• palStatus_t pal_plat_osThreadDataInitialize(palThreadPortData* portData, int16_t priority, uint32_t stackSize) - a function which gives the porting layer an opportunity to initialize and store any platform-specific thread information (if any) as part of the thread structure.

      Note: The argument portData is a pointer to a void pointer letting the porting layer store platform-specific information as part of the thread structure for the given thread. If the porting layer does not have any additional information that needs to store as part of the thread, it returns PAL_SUCCESS.

      Note: In conjunction with (the new) API function pal_plat_osThreadRun, this function replaces the legacy API function pal_plat_osThreadCreate.

    • palStatus_t pal_plat_osThreadRun(palThreadServiceBridge_t* bridge, palThreadID_t* osThreadID) - a function which runs the platform specific thread. The bridge argument is the liaison between the porting layer and the service layer. Once the platform calls the created thread function, the porting layer must call bridge->function(bridge->threadData); thus giving control of the thread to the service layer. It is recommended (if possible) that you pass the bridge argument as an argument to the platform-specific thread wrapper function. The bridge argument holds member threadData which is a pointer to the palThreadData_t structure in which all thread information is stored. The porting layer must set argument osThreadID which represents the actual platform-specific thread ID. This value should match the value returned by pal_plat_osThreadGetId.

      Note: In conjunction with (the new) API function pal_plat_osThreadDataInitialize, this function replaces the legacy API function pal_plat_osThreadCreate.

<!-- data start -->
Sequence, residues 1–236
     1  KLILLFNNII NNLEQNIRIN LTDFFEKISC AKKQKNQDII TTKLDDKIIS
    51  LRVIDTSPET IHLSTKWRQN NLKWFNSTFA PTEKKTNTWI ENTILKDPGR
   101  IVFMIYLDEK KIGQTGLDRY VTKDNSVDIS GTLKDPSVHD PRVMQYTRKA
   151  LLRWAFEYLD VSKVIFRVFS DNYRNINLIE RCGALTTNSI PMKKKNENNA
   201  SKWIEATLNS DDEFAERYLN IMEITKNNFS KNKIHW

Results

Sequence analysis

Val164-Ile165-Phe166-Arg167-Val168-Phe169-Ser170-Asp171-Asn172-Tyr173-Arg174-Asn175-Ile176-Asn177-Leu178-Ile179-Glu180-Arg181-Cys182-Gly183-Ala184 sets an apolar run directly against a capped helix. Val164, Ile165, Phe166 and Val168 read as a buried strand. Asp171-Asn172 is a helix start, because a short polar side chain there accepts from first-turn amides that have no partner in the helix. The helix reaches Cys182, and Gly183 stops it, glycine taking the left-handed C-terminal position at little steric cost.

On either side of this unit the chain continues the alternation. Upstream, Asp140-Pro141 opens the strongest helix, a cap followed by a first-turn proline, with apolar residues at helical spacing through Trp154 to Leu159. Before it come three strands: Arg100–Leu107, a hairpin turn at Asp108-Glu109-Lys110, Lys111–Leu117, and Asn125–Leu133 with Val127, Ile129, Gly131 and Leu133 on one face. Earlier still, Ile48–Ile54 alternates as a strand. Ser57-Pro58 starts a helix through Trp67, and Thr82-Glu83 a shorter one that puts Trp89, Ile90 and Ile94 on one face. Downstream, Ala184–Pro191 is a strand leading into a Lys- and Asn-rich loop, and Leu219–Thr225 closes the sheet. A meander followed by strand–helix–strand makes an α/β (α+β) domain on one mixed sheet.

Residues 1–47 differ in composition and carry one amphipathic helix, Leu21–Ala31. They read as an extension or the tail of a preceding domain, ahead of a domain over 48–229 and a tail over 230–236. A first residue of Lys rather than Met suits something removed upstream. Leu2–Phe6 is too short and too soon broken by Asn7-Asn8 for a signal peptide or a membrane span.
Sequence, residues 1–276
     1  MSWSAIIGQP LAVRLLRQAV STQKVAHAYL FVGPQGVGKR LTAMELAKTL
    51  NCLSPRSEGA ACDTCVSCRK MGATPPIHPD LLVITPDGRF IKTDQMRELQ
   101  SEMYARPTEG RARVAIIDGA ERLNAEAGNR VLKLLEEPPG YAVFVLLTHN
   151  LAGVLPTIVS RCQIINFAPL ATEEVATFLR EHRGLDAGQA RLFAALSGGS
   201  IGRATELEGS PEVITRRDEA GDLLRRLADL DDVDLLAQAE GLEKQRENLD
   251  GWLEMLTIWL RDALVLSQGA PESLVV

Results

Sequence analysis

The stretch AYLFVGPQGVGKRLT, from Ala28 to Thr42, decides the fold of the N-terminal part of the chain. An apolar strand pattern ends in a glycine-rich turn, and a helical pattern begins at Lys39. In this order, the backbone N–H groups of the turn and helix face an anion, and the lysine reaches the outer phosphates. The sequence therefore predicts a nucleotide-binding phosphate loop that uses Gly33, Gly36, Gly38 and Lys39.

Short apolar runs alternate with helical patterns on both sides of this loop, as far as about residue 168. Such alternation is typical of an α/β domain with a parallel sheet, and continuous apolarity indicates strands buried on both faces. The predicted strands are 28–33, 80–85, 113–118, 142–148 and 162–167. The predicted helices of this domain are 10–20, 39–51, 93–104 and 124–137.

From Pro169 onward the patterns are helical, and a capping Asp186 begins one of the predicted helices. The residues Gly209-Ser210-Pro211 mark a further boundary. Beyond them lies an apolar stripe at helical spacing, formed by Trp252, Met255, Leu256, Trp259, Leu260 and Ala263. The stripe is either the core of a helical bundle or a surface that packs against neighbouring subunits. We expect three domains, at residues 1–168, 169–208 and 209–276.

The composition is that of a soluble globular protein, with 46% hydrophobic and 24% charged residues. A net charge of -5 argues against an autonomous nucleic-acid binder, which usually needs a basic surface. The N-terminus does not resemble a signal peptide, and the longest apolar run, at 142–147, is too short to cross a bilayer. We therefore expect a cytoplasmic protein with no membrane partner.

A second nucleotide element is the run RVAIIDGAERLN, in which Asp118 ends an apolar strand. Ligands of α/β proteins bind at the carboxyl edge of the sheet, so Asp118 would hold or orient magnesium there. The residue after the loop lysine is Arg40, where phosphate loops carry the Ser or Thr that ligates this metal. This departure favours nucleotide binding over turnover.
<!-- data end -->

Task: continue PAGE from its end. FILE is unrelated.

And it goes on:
• palStatus_t pal_plat_osThreadDataCleanup(palThreadData_t* threadData) - a function which gives the porting layer an opportunity to deinitialze any platform-specific thread information (if any) allocated during pal_plat_osThreadDataInitialize.

      Note: This function is called if pal_plat_osThreadTerminate has not been called.

  4. Change existing implementations for the following APIs:

    • palStatus_t pal_plat_osThreadTerminate(palThreadData_t* threadData) - this function's argument has changed from palThreadID_t* threadID to palThreadData_t* threadData.

      Note: If this function is called, the function pal_plat_osThreadDataCleanup will not be called, and it is the porting layer's responsibility to clean up platform-specific thread information (if any) allocated during pal_plat_osThreadDataInitialize.

    • palThreadID_t pal_plat_osThreadGetId(void) - Although the function itself has not changed, the previous implementation returned the PAL thread id and it now returns the actual platform-specific thread ID. The returned value from this function should match the value of the output parameter osThreadID from function pal_plat_osThreadRun.

  5. Remove the following thread APIs:

    • palStatus_t pal_plat_osThreadCreate(palThreadFuncPtr function, void* funcArgument, palThreadPriority_t priority, uint32_t stackSize, uint32_t* stackPtr, palThreadLocalStore_t* store, palThreadID_t* threadID) - this function has been split and replaced by functions pal_plat_osThreadDataInitialize and pal_plat_osThreadRun.